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Voltage-driven translocation behaviors of IgG molecule through nanopore arrays


Nanopore-based biosensing has attracted more and more interests in the past years, which is also regarded as an emerging field with major impact on bio-analysis and fundamental understanding of nanoscale interactions down to single-molecule level. In this work, the voltage-driven translocation properties of goat antibody to human immunoglobulin G (IgG) are investigated using nanopore arrays in polycarbonate membranes. Obviously, the background ionic currents are modulated by IgG molecules for their physical place-holding effect. However, the detected ionic currents do ‘not’ continuously decrease as conceived; the currents first decrease, then increase, and finally stabilize with increasing IgG concentration. To understand this phenomenon, a simplified model is suggested, and the calculated results contribute to the understanding of the abnormal phenomenon in the actual ionic current changing tendency.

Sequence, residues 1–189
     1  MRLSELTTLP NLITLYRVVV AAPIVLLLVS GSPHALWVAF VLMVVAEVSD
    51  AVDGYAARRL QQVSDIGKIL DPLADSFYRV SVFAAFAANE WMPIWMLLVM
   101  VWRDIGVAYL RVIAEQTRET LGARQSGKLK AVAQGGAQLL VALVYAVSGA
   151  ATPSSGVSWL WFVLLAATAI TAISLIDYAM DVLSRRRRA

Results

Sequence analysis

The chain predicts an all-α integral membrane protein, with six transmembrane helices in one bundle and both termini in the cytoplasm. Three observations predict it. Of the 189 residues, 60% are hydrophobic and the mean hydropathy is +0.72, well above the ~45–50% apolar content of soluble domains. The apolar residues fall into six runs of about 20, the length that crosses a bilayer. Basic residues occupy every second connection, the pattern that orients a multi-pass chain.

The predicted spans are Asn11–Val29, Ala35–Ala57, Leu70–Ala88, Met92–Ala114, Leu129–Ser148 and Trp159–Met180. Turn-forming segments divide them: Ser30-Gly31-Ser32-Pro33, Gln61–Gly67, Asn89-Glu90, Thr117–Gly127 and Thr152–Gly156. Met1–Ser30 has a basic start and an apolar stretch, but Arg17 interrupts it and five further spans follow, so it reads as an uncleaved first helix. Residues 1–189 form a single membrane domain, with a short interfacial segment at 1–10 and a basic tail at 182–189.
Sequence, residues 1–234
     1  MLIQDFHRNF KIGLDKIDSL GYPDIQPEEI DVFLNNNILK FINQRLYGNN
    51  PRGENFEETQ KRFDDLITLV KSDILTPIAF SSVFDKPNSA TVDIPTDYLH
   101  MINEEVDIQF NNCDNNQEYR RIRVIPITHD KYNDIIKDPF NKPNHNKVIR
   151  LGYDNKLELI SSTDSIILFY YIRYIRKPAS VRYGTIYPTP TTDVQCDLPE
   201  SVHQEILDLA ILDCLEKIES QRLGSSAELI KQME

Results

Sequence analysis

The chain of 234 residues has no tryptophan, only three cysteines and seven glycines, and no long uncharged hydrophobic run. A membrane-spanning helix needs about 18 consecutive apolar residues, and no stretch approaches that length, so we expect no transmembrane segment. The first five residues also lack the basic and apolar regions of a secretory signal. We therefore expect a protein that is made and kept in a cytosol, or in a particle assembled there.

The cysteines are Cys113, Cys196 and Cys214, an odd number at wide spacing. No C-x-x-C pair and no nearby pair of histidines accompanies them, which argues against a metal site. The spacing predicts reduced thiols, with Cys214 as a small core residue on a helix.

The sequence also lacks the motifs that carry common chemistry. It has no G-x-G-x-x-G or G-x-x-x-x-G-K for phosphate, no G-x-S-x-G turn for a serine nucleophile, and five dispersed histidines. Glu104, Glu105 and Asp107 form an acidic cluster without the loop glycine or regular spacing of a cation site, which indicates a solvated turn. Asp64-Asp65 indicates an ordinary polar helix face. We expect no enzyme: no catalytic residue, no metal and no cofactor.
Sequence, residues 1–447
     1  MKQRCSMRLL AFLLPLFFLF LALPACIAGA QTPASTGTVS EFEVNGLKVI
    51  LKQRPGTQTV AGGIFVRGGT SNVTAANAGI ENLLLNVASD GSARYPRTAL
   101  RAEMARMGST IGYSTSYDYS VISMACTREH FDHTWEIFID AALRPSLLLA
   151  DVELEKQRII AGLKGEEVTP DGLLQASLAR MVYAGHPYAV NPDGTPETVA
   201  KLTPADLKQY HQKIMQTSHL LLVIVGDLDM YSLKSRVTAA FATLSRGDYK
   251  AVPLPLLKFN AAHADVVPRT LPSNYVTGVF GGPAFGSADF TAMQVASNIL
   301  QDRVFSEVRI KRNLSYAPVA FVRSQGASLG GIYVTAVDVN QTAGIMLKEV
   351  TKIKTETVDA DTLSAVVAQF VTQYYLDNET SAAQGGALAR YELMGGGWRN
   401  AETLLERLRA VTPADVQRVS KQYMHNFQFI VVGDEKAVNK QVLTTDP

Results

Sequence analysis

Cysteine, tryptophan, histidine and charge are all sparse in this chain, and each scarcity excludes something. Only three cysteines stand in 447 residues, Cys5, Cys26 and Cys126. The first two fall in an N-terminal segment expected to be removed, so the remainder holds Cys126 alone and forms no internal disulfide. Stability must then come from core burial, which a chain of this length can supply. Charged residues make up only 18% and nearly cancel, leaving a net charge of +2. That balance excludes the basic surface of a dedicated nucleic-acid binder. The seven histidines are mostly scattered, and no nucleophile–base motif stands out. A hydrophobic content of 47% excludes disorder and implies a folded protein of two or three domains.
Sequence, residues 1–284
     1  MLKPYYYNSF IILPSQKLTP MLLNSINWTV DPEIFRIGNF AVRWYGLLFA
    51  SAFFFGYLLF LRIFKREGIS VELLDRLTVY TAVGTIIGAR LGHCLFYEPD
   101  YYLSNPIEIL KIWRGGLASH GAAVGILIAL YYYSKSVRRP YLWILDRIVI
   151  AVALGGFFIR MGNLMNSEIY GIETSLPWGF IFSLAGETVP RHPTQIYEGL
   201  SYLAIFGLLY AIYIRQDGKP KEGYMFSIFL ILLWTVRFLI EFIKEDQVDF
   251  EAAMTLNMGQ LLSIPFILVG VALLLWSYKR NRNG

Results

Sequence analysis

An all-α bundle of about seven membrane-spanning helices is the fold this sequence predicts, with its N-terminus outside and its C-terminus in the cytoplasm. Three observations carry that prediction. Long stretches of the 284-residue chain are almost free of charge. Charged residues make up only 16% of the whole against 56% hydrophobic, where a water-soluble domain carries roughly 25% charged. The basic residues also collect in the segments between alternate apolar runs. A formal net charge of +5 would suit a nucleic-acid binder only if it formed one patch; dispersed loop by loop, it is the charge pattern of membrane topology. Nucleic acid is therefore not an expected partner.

In recent years, the new generation of analytical technology based on nanopores or nanochannels provides possibilities for low-cost and rapid biosensing and DNA sequencing. It is regarded as an emerging field which is expected to have major impact on bio-analysis and fundamental understanding of nanoscale interactions down to single-molecule level. Nowadays, more and more theoretical and experimental work aiming to understand and design nanopore-based devices have been done, which is at the forefront of life science, chemistry, material science, and (bio) physics. Among these studies, nanopore fabrication and nanopore-based nanofluidic device design are two key issues [14]. Generally speaking, there are two major types of nanopores which have been used for DNA sequencing and biosensing applications (e.g., using nanopores as analytical sensors for molecular or biomolecular analytes): protein nanopores [58] (such as the α-hemolysin pore) and artificial pores in solid-state films (such as silicon nitride nanopores [913], graphene nanopores [1416], and silicon oxide nanopores [17, 18]).